Strategies for treating acute pain in patients with opioid dependence: a scoping review protocol

Epidemiological context

The USA is in the midst of a decades-long, devastating opioid epidemic. More than 564 000 people died from opioid overdose from 1999 to 2020.1 The number of national opioid overdose deaths has been rising over the past 20 years, most recently rising from 46 802 opioid deaths in 2018 to 68 630 in 2020.1 In 2019, 10.1 million people aged 12 years and older misused opioids during that year.2 In 2018, the rate of opioid-related hospital stays in the USA was 286.1 per 100 000 people.3 Opioid users also have increased rates of emergency department visits and hospitalisations, with healthcare utilisations having increased substantially in recent decades.4 Three million people in the USA and 16 million people worldwide currently or previously suffered from opioid use disorder (OUD).5

OUD is defined by the American Psychiatric Association Diagnostic and Statistical Manual of Mental Disorders, Fifth Edition as a desire to obtain and use opioids despite personal, social and professional consequences.6 An individual suffering from OUD experiences an overpowering need to use opioids, increased opioid tolerance and withdrawal symptoms if opioid use is stopped.5 Long-term use of opioids also results in dependence, which means that if the person were to stop taking, he/she would experience withdrawal symptoms such as nausea, vomiting, diarrhoea, abdominal cramps, anxiety, sweating, lacrimation, rhinorrhoea, muscle spasms/tension, aches/pains, irritability, insomnia and more.7 8

Over the past decade, fentanyl and other highly potent synthetic opioids have replaced heroin as the dominant opioid used illicitly.9 10 Besides overdose, there are many adverse effects of long-term opioid use. Opioids can negatively affect many body systems such as gastrointestinal, musculoskeletal, respiratory, cardiovascular, immune, endocrine and central nervous systems.11

Certain groups of people are more likely to use opioids and develop a use disorder than others. People with increased rates of OUD are non-Hispanic white people, men, 18–25-year olds, those who make less than $20 000 per year and those who are uninsured.12 In contrast, opioid overdoses are the highest among black and indigenous populations, highlighting racial inequities in accessing healthcare and substance use disorder treatment services.13 Factors such as level of education, housing stability and employment status have also been found to have a significant association with the frequency of opioid use.14 It is also known that people with pre-existing mental illness are more likely to initiate opioid use and become dependent on opioids, as drug use may relieve symptoms of the mental illness.15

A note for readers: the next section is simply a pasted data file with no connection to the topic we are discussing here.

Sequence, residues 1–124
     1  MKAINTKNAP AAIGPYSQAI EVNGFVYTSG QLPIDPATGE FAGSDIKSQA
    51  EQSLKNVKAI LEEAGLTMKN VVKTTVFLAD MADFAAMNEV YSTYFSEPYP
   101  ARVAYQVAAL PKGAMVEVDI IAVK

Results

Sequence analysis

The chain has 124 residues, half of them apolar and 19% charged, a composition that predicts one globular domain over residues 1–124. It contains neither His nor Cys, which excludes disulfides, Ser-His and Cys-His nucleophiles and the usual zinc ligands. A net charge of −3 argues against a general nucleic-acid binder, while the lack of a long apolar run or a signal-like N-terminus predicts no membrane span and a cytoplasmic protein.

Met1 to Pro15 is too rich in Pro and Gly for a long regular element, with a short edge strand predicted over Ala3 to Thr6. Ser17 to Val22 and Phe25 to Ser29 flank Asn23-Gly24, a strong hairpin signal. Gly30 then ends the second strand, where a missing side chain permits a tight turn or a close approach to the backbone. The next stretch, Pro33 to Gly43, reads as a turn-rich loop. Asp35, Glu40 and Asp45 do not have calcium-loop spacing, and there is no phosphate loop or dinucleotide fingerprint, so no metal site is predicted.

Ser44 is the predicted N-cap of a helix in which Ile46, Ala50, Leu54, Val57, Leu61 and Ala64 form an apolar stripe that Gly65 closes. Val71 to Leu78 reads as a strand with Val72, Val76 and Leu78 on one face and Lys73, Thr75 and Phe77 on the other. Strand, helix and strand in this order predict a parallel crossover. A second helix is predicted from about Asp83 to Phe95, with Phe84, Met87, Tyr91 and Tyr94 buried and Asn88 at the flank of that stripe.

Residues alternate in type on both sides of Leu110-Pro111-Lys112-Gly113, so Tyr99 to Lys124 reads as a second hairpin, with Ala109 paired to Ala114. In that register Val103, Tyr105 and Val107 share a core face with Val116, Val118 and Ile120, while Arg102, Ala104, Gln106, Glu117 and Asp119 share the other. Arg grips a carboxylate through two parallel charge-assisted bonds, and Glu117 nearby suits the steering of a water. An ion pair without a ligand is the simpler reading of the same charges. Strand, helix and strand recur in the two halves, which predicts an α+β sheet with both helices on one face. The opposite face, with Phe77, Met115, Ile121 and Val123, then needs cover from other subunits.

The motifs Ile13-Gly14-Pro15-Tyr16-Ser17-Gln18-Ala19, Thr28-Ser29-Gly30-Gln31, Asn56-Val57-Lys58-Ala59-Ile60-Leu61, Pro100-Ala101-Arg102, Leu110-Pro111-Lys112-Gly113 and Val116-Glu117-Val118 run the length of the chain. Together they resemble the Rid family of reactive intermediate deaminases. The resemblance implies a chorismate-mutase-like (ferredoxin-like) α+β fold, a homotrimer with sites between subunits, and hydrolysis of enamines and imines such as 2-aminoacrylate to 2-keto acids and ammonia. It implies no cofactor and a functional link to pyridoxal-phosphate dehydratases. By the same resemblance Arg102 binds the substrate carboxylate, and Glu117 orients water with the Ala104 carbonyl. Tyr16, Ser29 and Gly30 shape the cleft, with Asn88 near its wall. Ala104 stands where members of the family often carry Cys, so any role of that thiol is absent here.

Acute pain in individuals with OUD

Acute pain is defined as a physiological response to an adverse stimulus associated with surgery, trauma or acute illness.16 Patients with OUD are at high risk for transmissible and non-transmissible infections, as well as acute traumatic injuries, all of which can cause acute and extreme pain.17 Unlike the general population, there are additional challenges that come with treating acute pain in individuals with opioid dependence or use disorder. One challenge is opioid-induced hyperalgesia in which patients taking long-term opioids have an increased sensitivity to pain and an extreme pain response out of proportion to opioid-naive patients.18 Tolerance presents another challenge in treating acute pain in this patient population. Opioids are often used for treating severe acute pain, but the standard doses of opioids that would be used for an opioid-naive patient will not work effectively in an opioid-tolerant person.19 Another challenge is the symptoms of withdrawal. Opioid-dependent patients being treated for acute pain are at risk of withdrawal symptoms if opioid substitution therapy is not initiated promptly. This can happen if there are long wait times or if the medical provider refuses to prescribe opioids to treat the patient’s pain.20 Withdrawal symptoms cause additional suffering to the patient who is already experiencing acute pain. Lastly, a challenge that opioid users face when accessing any type of healthcare is the stigma from healthcare workers. It is well known that opioid users can face discrimination and receive suboptimal care in a healthcare setting due to stigma against drug use.21–24 Many healthcare providers prefer not to work with substance users who experience pain because they find this work challenging and unsatisfactory.25

Rationale for this scoping review

The main objective of the proposed scoping review is to identify the current best practices for treating the acute pain in individuals with opioid dependence or use disorder. It is anticipated that the results of the scoping review will inform healthcare providers of the best standard of acute pain management for this population and identify gaps for further research. The results will hopefully play a role in ensuring that opioid users receive the highest standard of care for acute pain.

A preliminary search of MEDLINE, Embase and scoping review protocol registries including the Open Science Framework was conducted. Only one previous review has looked at the management of acute pain in patients with opioid dependence.26 This 2020 review included patients taking medication for OUD, whereas this scoping review includes patients with opioid dependence regardless of treatment status. The previous study was also a rapid review which used a narrower search strategy, yielding less information sources. The search strategy for this scoping review is intentionally broader to try and capture all relevant literature on the treatment of acute pain in patients who are opioid dependent.

This post was originally published on https://bmjopen.bmj.com